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A recombinant vaccinia virus (NP-VAC) containing cDNA corresponding to segment 5, the nucleoprotein (NP) gene of influenza A/PR/8/34 virus was used to examine the specificity of human influenza virus immune cytotoxic T lymphocytes (CTL). Effector cell preparations from two donors recognized autologous lymphocytes that had been infected with NP-VAC. Lysis was specific because cells infected with vaccinia virus were not killed and recognition was HLA-restricted. In one donor, the influenza virus-specific CTL response changed with time so that his effector cells no longer recognized autologous lymphocytes infected with NP-VAC. However, a component that was NP-specific remained because these CTL lysed the more sensitive autologous B lymphoblastoid cells that had been infected with NP-VAC. In four other donors, no NP-specific CTL response could be detected using autologous lymphocyte targets. Thus NP, an internal virus protein, is one antigen that is recognized by human influenza A virus-specific CTL, but it is likely that other individual virus components contribute to the total CTL response.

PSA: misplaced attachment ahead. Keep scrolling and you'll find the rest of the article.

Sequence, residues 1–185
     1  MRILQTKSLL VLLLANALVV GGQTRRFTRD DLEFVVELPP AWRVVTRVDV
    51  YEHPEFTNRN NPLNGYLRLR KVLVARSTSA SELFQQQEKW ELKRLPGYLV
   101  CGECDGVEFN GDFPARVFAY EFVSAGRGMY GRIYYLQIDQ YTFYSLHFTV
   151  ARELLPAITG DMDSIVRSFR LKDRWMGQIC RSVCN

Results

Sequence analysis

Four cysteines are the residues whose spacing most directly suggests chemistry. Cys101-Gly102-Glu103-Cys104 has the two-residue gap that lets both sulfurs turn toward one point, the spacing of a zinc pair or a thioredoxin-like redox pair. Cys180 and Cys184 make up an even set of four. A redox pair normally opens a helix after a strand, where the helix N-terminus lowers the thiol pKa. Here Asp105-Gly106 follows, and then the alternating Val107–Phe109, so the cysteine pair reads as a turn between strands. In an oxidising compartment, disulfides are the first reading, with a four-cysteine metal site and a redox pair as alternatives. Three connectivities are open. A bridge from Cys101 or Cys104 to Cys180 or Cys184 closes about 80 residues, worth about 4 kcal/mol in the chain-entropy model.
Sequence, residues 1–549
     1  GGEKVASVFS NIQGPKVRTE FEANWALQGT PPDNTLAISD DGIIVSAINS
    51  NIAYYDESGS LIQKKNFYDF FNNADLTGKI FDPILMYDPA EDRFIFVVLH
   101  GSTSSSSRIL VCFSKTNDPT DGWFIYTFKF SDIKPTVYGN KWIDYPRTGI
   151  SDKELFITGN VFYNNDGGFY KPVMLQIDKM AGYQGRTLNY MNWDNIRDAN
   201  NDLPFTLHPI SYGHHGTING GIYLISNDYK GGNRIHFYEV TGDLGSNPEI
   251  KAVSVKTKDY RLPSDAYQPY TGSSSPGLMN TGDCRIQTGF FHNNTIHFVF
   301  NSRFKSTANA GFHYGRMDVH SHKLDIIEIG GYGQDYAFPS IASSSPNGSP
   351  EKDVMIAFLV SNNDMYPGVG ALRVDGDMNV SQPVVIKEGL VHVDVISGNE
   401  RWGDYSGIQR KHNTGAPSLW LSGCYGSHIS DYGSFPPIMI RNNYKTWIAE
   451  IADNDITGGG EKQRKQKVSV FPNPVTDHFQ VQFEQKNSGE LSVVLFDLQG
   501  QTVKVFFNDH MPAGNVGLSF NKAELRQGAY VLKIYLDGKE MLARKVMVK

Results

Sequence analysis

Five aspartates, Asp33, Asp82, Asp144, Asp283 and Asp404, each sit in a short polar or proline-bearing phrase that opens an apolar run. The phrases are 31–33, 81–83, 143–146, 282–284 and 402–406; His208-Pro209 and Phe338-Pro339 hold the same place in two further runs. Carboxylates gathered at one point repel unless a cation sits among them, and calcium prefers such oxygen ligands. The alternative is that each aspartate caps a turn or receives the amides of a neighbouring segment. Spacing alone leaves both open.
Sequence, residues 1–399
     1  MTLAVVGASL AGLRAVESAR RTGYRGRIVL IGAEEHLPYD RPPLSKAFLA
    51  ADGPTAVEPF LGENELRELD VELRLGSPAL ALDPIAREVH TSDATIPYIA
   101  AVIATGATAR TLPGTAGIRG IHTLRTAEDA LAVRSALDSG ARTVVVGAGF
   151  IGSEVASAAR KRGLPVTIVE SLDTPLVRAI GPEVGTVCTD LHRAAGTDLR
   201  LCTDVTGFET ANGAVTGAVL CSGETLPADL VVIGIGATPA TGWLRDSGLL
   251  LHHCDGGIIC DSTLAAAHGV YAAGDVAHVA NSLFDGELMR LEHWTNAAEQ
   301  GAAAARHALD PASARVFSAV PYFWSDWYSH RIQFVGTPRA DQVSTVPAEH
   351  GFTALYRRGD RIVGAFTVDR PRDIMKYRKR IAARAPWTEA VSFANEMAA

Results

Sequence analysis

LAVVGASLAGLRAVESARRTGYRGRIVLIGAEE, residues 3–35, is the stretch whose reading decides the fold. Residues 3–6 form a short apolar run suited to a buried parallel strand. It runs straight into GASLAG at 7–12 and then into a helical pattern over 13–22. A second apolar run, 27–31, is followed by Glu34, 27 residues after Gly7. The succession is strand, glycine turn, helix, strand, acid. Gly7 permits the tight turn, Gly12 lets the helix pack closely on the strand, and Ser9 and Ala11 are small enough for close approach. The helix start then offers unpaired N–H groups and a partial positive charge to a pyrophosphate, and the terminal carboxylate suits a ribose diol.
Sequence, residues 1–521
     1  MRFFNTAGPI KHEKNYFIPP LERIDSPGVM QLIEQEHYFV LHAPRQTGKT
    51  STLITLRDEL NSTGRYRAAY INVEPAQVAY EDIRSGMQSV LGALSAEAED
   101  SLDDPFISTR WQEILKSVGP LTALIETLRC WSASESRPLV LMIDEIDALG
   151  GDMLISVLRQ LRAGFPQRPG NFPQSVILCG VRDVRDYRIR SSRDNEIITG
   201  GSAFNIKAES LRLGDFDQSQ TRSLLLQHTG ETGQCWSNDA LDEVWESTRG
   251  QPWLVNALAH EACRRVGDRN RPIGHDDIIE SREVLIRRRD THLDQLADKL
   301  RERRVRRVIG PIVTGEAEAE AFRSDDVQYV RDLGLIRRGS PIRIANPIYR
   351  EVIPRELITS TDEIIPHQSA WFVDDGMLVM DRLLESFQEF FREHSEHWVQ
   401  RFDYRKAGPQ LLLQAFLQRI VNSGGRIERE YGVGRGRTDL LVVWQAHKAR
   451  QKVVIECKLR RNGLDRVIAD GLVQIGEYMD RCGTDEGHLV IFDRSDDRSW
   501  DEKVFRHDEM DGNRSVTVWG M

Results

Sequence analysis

Original publication




Journal article


J Gen Virol

Publication Date



67 ( Pt 4)


719 - 726


Cytotoxicity, Immunologic, DNA, Recombinant, HLA Antigens, Humans, Influenza A virus, Lymphocytes, Nucleocapsid Proteins, Nucleoproteins, T-Lymphocytes, Cytotoxic, Vaccinia virus, Viral Core Proteins, Virus Replication